From rowing champion to the Holocaust: unpublished photos reveal Wächter’s trail

Family albums, recently made public, show the intimate life of the SS commander

Roberto Almeida | Hagenberg (Austria)

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Updated Sep 20th, 9:02 p.m.

"Bei meiner division SS [Next to my SS division]," says the photo caption, stored in the attic of the Hagenberg Castle, Austria. It shows, side by side, Karl Otto Gustav Freiherr von Wächter, then governor of Galicia (today northwestern Ukraine), Heinrich Himmler, commanding general of the SS, and Hans Frank, general governor of the invaded Poland.

My father thought he could convince Hitler against the extermination of jews, says Wächter’s son

This portrait, which gathered three of the main people responsible for the Holocaust, symbolizes the highpoint of Wächter’s political career within the Nazi party, as an SS commander and governor. The Viennese boy, born on July 8, 1901, fulfilled functions there that later made him become part of the group formed by the biggest criminals of the 20th century, with a crucial role in the Second World War.

As a boy, during the First World War, Wächter followed his father, the Austrian General Josef Freiherr von Wächter, member of the defunct Austrian nationalist party Großdeutsche Volkspartei, or Greater German People’s Party, as he moved from country to country. His childhood was built on the ideal of a strong German identity.

Archive/Horst Wächter

In the same dusty photo album, still unpublished, more images recreate his youth in Trieste, Italy, where he attended primary school and learned Italian, and in Budweis, then part of the German stronghold in the Czech Republic. He was the youngest of the minister’s three children. He had two sisters.

After arriving to Vienna, soaked in a rampant nationalism, he joined the "German Armed Forces" (Deutsche Wehr). Between 1919 and 1922, he won Austrian rowing championships twice, but also practiced swimming, climbing and snow skiing. He entered law school at the University of Vienna, and, in eight semesters, became a lawyer.

On 1 April 1923, at age 21, Otto Gustav von Wächter, or just Otto Wächter, took a crucial step in his career. On that date, he signed his membership to the then-banned Nazi party in Austria, the Nationalsozialistische Partei Deutscheösterreiches, or National Socialist German Worker’s Party in German-Austria.

Registered under number 301 093, the young Viennese man had become a part of the SA or Sturmabteilung, the paramilitary group that supported the rise of Adolf Hitler from 1920 through his election as chancellor in 1933. His fate, from that point, was already sealed and would culminate with the invasion of Poland and the start of World War II.

Personality and ascension

Official documents of the Nazi party, analyzed by Opera Mundi in the files of activist Simon Wiesenthal, in Vienna, describe Wächter’s personality with compliments. He had an "expansive character", and the "willpower" to "implement decisions." He was rated as "very clever", "fair" and "vigorous". He drank moderately and was a nonsmoker.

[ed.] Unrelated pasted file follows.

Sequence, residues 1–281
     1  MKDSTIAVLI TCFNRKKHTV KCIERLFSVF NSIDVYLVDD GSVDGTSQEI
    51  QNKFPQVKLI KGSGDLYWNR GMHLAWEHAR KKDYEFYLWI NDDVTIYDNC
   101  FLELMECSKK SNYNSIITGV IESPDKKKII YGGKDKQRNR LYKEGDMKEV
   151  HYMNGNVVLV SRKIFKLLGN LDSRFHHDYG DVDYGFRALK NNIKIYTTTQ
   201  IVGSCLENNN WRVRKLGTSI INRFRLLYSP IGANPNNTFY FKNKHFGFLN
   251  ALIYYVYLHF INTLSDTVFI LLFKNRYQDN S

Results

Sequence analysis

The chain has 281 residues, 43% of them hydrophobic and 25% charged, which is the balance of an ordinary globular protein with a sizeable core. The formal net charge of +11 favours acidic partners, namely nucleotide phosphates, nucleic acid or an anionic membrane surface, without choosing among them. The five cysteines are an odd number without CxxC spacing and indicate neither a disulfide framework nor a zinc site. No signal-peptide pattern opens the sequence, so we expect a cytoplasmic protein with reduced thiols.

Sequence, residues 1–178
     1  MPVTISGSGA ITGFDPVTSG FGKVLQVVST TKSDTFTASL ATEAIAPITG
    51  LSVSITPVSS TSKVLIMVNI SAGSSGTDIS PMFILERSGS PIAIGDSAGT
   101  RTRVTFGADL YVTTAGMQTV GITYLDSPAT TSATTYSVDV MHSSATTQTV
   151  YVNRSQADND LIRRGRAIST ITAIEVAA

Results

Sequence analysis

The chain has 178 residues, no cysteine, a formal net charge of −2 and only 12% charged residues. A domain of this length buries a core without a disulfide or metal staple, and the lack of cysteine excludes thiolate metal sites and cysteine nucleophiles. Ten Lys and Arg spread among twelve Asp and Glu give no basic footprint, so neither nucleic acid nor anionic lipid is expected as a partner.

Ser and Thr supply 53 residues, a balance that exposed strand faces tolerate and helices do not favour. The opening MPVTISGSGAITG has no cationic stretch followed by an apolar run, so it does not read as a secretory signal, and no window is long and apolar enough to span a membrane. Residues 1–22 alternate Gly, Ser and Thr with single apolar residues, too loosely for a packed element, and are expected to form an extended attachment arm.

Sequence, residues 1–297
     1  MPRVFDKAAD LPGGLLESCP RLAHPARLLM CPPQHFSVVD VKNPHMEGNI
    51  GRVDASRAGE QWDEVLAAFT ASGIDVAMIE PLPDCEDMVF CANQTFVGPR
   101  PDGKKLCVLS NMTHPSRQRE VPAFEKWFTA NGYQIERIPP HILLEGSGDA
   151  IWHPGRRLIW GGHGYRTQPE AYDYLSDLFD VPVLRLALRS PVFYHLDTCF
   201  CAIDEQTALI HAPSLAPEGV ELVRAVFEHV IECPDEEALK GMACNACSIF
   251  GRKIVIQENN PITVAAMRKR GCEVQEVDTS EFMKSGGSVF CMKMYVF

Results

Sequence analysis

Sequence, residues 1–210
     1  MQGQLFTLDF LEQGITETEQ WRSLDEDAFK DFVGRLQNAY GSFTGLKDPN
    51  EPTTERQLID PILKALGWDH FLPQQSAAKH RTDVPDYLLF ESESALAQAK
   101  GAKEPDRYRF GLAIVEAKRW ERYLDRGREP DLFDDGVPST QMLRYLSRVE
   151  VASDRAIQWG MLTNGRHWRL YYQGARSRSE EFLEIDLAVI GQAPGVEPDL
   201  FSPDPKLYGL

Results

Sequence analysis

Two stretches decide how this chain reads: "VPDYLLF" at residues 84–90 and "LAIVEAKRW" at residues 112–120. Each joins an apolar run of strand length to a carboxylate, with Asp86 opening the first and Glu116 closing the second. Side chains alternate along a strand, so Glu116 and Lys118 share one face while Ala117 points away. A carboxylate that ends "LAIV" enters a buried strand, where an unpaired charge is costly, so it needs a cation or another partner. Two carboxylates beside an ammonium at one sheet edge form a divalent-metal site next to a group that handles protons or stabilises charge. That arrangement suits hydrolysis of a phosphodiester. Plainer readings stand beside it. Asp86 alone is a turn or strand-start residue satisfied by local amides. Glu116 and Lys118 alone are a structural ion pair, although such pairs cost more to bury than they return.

In the photo album, the newly admitted Nazi appears to be athletic, attending sports clubs. On one of his snow skiing trips, in 1929, when he broke a leg, he met Charlotte Bleckmann, the daughter of an industrialist, who he would later marry, in 1932, and with whom he would have six children - two boys and four girls.

Personal archive/Horst Wächter

Otto Wachter last photo, on spring 1949

Only two years later, in 1934, Wächter would take part directly in the coup d’état attempt (Putsch), which failed, but killed the Austrian Chancellor at the time, Engelbert Dollfuss. He was allied with Benito Mussolini, who, with his fascist’s claims, made the Communist Party illegal and dissolved the Austrian Parliament. The plot, while not giving immediate results, paved the way for the process of annexation of Austria, the so-called Anschluss, in 1938.

Distancing himself from family life was inevitable. In the midst of the political upheaval, Wächter took refuge in Berlin, where he would fulfill duties as a lawyer for the Nazi party. His following portraits would be largely related to his rise in the military hierarchy until he joined the SS, or Schutzstaffel, Hitler’s Protection Squadron, headed by Heinrich Himmler.

Archive/Horst Wächter

Otto Wächter (left) during meeting with Schutzstaffel leader, Heinrich Himmler (center)

During the period in which he earned his major promotions in the SS (and he earned several of them from 1935 until the end of the war) Wächter saved time for pictorials. Proud of his new career achievements, he posed in various positions. In the photo captions, he would make notes about his ascension in the military hierarchy, as in 1938, when he became SS-Standartenführer, the top rank of a field officer, equivalent to colonel.

War and Ghetto

That year, the same in which Hitler entered Austria, Wächter already had two children – he would go on to have four more, following the Nazi ideology of having the most offspring possible. A typical disciplined bureaucrat, he would win Himmler’s confidence and leave to assume the most decisive function of his career in 1939, when he became governor of Krakow, Poland, recently invaded, and ordered the persecution of the Jews.

"All Jews over 12 years in the district of Krakow should, beginning on the 1st of December 1939, put a visible mark on their homes... The Jews who don´t do it will suffer a severe punishment..." he ordered, as well as other measures to compel the Polish to do forced labor. In 1941, he would also dictate the creation of the Krakow Ghetto.